In the New Normal of economic moderation, pet industry players must walk a line between promotional pricing and product premiumization. While shoppers remain intently focused on value, numerous indicators suggest that the U.S. pet market has yet to come fully into its own. Notwithstanding the great recession, the pet product shopper base has continued to migrate into the higher-priced pet specialty channel, while supermarkets and discount stores have seen their pet product shopper base decline. Private brands are more important than ever, but pet food remains private-label resistant, an outpost of shopper loyalty to national brands. Natural, organic, and eco-friendly products continue to advance, as do pet health products and services including medications, supplements, and insurance. And 2011 was nothing less than a banner year for mid-level acquisitions.
During Super Bowl XLVI, dogs featured prominently in commercials that were not even pet related–ads selling cars, beer, and chips. This was a sign-of-the-times: Packaged Facts sees pet parenting and the ensconcement of pets as members of the family not just as a trend, but as a long-term societal shift favoring even greater spending on the pet market in the years to come.
Factor in industry efforts embodied in the Human Animal Bond Research Initiative Foundation (HABRI) to advance the understanding of the positive impact of pet ownership on human health, and the U.S. pet industry appears to be positioning for a boom.
At the same time, many Americans remain budget-strapped, and it’s essential that pet marketers and retailers respond to this mindset as well as to the expectations of less cost-conscious pet owners. In this market environment, it’s no accident that, along with pet specialty retailers, price-focused dollar stores and wholesale clubs have been growing their pet business.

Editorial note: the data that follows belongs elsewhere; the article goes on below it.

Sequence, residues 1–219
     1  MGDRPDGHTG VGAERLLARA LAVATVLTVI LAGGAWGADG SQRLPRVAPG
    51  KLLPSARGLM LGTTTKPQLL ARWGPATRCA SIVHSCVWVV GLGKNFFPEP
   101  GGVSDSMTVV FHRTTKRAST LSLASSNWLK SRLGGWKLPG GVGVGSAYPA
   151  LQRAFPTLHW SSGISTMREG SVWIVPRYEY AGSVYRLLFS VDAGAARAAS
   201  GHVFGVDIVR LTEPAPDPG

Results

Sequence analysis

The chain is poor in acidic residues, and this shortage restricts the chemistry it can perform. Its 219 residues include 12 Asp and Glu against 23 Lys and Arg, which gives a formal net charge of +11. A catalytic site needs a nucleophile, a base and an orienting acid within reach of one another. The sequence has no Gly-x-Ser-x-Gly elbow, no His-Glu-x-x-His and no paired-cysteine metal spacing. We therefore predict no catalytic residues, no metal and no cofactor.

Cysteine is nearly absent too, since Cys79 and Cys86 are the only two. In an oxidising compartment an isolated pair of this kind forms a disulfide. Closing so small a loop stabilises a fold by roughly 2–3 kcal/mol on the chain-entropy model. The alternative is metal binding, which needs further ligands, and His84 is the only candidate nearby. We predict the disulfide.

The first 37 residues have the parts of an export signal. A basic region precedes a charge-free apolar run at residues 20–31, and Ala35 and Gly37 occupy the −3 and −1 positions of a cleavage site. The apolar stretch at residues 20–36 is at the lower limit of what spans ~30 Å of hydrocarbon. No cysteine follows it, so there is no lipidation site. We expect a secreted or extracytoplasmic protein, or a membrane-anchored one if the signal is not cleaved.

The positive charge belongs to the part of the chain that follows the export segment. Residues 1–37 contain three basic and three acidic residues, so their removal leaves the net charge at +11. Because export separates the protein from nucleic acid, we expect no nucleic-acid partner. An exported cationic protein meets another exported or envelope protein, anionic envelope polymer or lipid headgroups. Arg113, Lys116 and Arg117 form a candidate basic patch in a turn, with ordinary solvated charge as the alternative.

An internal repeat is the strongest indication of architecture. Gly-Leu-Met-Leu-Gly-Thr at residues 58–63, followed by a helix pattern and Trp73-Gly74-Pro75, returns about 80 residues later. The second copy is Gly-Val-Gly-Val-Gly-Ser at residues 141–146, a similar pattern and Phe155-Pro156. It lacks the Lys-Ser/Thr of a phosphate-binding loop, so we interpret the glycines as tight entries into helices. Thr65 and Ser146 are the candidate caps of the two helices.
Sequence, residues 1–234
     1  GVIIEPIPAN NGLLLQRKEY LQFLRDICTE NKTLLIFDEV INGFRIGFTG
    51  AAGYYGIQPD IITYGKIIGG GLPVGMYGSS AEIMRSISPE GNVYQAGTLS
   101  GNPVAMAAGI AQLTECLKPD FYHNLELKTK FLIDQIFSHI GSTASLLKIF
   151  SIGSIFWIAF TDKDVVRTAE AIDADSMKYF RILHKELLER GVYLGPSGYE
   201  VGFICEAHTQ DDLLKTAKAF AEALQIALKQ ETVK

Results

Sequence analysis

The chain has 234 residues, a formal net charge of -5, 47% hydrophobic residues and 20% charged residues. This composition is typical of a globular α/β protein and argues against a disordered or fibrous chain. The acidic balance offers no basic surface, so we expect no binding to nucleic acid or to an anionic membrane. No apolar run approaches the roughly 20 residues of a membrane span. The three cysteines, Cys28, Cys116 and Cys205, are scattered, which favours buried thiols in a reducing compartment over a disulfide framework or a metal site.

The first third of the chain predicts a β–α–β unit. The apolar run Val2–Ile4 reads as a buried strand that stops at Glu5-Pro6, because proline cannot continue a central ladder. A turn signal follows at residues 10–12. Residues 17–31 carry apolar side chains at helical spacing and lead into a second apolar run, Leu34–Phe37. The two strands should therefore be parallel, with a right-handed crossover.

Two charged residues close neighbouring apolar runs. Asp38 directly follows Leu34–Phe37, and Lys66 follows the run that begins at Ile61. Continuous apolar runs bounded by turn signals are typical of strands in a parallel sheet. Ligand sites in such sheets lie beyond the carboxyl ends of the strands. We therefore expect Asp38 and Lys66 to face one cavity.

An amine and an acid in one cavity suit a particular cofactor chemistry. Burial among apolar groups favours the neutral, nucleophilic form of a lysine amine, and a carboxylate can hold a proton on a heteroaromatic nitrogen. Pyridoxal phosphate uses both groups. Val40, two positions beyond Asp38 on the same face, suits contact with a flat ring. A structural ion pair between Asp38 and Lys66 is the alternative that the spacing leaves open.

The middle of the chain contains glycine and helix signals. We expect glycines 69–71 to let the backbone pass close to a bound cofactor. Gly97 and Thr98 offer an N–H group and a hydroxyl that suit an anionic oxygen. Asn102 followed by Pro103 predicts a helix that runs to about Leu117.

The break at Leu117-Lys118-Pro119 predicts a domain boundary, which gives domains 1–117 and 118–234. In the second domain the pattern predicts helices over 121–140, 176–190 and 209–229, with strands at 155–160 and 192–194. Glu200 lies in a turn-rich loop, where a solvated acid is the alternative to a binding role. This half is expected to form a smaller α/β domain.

Rolling up Packaged Facts’ ongoing pulse-taking of the pet market, extensive pet market research coverage, and exclusive Pet Owner Survey data–including hot-off-the-press findings from the March 2012 consumer survey – The new market research report U.S. Pet Market Outlook 2012-2013 is the a great resource for understanding the U.S. pet industry. In its 4th edition, the report evaluates current trends and future directions for marketing and retailing, along with consumer patterns across the full spectrum of the market, including veterinary services, pet food, nonfood pet supplies, and non-medical pet services (grooming, boarding, training, etc.). Building on the market tracking, forecasting, and position-taking of previous editions, the report forecasts market size and growth for each category; examines new product activity; surveys retail channel trends including cross-channel shopping vs. shopper loyalty; and analyzes trends and shifts in the needs of today’s pet parents. The report tabulates pet product sales channel by channel, using data from sources including SymphonyIRI Group, whose InfoScan Review data tracks sales in supermarkets, drugstores, and mass merchandisers other than Walmart; GfK Retail & Technology, which tracks sales in pet shops, farm & feed stores, and veterinary clinics across the U.S.; and SPINS, Inc., whose SPINSscan service tracks sales in the natural supermarket channel and in the specialty gourmet supermarket channel.